The Machine has an obsession with U2 in the film, was that part of yourself that you wanted to include into the character?
PMcD: Oh yeah I love U2. I think though, what we wanted to do wasn’t really to do with our relation to U2, it was more the Irish relationship with U2, and the idea that U2 are a cultural behemoth in our country; they are the most successful and recognisable thing about Ireland in many ways, apart from Guinness. Some people just don’t like their music, and that’s fine. Some people don’t like their music because they’re U2, and I have no judgement on that either. For someone like The Machine – who’s 110% sincerity – he can’t even see the argument. He can’t understand that somewhere in there, there’s something that you don’t like [laughs]. We loved having an Irish guy in a film saying ‘I cannot abide U2′. They were amazing to us; in terms of using a song like that, we could have used a third of our budget just trying to get the worldwide rights for it, and they gave it to us for nothing. They didn’t even need to hear the version and they didn’t want to see a cut of the film, they just said ‘take it’. It was really, really generous.

How does it feel that THE STAG closed the Jameson Dublin International Film Festival?
PMcD: It’s an honour. It could be a huge hit internationally, but if we felt the Irish public didn’t take to it, we’d be more disappointed by that. For us, we tried not to make anything universal on purpose, by staying true to where the guys are from and having Irish moments in the film. We just hope that people take to it here because it’s about Irish people, for Irish people.

You have done a lot of TV lately, how does it feel to go back to film?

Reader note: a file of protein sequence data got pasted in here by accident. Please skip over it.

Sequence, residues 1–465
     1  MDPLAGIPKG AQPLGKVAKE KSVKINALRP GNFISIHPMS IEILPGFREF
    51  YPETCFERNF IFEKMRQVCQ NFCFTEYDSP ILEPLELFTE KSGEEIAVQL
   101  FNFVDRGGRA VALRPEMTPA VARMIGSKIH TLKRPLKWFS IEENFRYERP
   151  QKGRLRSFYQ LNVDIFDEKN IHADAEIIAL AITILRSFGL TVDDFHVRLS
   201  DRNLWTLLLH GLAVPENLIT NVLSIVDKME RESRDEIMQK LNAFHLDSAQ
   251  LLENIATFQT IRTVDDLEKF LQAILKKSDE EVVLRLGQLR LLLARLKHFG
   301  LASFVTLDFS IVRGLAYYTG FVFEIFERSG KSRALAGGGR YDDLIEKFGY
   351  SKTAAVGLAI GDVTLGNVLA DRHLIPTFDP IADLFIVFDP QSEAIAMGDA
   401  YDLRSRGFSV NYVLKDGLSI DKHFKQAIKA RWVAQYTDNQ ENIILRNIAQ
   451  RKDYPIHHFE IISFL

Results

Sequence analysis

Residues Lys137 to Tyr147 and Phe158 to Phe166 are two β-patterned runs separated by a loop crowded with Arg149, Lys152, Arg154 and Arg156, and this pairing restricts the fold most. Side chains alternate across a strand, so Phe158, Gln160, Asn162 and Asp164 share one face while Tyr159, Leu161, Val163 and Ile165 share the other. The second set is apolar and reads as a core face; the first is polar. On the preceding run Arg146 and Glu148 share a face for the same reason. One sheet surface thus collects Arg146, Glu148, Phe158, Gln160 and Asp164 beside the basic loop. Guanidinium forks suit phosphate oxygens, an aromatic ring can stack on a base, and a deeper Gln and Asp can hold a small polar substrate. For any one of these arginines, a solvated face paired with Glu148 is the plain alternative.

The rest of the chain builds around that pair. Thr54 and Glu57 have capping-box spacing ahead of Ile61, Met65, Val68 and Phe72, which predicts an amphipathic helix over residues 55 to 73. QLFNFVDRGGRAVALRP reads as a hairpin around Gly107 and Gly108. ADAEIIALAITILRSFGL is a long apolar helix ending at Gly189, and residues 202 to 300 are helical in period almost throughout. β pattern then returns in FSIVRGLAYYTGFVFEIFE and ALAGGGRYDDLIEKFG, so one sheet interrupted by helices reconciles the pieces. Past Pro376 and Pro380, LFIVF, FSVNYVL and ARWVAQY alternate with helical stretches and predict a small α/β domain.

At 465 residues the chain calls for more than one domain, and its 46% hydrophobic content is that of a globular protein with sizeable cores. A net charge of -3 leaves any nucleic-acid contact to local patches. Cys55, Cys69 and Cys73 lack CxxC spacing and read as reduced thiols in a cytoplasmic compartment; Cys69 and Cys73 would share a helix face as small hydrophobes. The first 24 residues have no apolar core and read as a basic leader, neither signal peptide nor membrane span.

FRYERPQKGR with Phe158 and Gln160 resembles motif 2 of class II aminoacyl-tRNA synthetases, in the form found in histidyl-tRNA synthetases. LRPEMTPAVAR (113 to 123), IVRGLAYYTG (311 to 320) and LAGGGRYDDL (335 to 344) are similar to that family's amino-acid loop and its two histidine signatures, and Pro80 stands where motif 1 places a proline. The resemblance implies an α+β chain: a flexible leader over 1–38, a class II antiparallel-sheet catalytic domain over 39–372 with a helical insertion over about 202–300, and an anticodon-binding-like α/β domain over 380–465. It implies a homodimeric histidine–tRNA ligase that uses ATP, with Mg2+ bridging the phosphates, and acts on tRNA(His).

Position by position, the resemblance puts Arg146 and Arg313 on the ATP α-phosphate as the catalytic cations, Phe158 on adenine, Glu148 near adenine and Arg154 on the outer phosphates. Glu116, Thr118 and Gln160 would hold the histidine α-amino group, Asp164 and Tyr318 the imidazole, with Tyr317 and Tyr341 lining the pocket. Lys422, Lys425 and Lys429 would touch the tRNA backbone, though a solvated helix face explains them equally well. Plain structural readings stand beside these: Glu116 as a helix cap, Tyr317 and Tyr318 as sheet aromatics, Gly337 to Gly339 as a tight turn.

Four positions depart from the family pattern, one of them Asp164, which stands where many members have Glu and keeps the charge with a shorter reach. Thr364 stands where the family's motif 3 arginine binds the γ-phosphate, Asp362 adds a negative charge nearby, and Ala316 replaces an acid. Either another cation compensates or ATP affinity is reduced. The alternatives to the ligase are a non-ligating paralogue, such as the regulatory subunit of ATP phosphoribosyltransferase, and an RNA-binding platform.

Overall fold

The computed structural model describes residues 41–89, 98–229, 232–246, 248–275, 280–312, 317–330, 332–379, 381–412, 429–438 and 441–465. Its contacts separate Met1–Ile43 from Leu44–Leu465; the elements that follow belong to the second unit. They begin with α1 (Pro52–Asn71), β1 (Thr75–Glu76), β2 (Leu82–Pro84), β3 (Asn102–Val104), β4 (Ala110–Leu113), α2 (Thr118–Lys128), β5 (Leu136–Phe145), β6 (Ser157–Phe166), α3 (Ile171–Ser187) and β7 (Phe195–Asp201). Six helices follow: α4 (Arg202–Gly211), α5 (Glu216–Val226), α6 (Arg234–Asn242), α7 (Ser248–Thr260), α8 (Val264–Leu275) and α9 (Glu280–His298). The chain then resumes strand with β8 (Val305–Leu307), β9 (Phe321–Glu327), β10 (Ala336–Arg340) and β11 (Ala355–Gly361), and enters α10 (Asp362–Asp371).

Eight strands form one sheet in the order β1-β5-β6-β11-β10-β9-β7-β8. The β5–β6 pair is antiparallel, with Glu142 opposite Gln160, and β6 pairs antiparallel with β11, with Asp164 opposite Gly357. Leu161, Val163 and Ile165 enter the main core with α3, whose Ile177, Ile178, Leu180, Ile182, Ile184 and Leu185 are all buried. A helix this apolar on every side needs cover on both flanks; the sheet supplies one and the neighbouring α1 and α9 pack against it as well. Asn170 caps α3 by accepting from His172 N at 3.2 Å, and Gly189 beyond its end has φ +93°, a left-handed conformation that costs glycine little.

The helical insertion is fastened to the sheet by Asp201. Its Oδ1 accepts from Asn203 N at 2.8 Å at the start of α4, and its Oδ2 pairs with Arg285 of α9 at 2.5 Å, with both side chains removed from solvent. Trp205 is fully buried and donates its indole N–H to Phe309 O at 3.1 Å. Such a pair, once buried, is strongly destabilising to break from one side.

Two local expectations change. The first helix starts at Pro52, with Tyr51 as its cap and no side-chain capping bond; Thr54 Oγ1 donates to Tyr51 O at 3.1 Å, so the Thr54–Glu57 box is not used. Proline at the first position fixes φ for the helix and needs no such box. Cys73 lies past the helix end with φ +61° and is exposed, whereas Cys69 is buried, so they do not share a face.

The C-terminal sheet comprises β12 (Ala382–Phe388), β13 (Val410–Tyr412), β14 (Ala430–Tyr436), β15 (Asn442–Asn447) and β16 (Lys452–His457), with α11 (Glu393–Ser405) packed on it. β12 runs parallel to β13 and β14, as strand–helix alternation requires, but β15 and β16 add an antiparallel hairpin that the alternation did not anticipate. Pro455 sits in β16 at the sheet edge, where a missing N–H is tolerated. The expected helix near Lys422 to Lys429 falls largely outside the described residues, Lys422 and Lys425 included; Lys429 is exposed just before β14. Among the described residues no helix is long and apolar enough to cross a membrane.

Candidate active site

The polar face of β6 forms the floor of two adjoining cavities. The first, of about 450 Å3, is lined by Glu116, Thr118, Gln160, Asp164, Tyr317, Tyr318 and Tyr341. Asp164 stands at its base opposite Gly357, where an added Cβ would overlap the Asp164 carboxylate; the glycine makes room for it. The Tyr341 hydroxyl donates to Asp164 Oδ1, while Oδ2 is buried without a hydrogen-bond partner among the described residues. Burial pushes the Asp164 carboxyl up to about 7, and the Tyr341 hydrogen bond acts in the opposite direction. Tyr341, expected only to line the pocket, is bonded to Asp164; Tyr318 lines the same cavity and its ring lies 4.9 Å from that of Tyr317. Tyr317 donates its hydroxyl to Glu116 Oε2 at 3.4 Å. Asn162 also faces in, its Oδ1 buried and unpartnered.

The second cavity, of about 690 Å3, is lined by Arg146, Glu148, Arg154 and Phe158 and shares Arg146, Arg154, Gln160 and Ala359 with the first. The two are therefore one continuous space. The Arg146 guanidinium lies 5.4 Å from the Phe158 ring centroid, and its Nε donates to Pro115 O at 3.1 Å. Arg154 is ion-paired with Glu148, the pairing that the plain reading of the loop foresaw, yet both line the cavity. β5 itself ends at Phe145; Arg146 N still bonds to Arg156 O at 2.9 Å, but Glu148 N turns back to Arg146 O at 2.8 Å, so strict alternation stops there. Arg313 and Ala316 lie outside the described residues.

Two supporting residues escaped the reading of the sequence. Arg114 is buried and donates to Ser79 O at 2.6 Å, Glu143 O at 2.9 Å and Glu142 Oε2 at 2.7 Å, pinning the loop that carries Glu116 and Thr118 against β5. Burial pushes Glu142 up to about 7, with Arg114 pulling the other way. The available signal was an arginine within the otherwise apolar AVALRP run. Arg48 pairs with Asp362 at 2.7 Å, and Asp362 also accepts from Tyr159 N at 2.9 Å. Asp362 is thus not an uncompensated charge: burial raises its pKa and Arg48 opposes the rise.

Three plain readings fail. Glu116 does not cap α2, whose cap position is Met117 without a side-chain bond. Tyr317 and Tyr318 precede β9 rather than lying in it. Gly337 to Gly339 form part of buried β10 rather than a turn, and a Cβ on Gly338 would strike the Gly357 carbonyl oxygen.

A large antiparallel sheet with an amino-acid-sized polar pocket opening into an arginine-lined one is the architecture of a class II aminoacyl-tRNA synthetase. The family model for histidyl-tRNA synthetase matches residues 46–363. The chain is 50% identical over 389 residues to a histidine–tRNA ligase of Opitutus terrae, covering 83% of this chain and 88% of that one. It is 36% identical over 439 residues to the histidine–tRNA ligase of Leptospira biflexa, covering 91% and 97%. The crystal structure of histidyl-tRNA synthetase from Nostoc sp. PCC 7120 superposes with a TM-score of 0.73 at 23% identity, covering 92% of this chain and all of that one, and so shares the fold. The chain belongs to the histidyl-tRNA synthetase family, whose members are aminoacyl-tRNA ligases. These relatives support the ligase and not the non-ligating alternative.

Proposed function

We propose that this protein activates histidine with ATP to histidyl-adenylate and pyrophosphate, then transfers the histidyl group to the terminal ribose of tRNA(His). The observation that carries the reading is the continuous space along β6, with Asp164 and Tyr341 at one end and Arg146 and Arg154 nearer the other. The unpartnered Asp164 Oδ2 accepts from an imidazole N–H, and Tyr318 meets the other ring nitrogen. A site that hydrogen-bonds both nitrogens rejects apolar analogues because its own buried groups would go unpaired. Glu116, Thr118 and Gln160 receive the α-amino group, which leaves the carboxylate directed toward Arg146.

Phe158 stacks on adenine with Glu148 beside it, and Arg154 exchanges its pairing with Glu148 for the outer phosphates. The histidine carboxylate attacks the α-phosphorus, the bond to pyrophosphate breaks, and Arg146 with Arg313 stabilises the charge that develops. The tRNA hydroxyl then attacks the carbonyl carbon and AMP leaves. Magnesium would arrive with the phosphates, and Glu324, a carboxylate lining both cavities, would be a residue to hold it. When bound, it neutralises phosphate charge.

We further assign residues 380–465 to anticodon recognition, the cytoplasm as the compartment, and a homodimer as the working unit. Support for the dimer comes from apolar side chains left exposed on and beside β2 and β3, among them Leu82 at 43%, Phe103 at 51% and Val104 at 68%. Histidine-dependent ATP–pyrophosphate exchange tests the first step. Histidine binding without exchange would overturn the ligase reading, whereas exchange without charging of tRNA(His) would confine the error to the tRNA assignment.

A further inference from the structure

PMcD: Film was quite quiet for me for a while; I did a lot of theatre and a lot of TV. It felt really good, it felt great [to go back to film]. What feels really good is when you’re the originator, co-collaborating on the artistic direction of the project. Over the last few years I started making short films and started writing, and I just felt I had enough experience not to say ‘I’m writing something’, [laughs] but to say ‘I’m making something’. I was lucky enough to get in a position to do that. It felt great. I love going to the cinema; it’s still my favourite thing to do, when the lights go down and the credits come up I always get a tingle. I’m always ready to just go there with film, so when you see the lights go down on a film like this, and a cast that I’m so proud of, it’s a great feeling.

MOONE BOY is obviously the TV show that you have been doing most recently. Did you expect such a strong response to it?
PMcD: It’s really big here, and people love it in the UK. I know Chris [O’Dowd] very well, and when he sent me to scripts initially, I knew they were going to be good because he’s a very talented guy. I just love the fact that Chris went to his childhood for that show. We shoot two weeks of the year up in Boyle; very few TV stations would agree to do that, and he got Sky to do that! [laughs] I knew when I read the scripts the first time, it’s like the first time I read I WENT DOWN, that I knew it would be something that people would come up to me and say they enjoyed.

What’s next?
PMcD: I am doing THE WEIR in the West End at the moment, Conor McPherson’s play. After that, I’m going to take a little break because it’s been a really busy couple of years! [laughs] More acting though, but I hope to have my own directorial debut some time in the near future; I’m working on trying to get that off the ground. Hopefully I will write some more stuff with John and carry on in that direction.

THE STAG is released in Irish cinemas on March 7th

Words: Brogen Hayes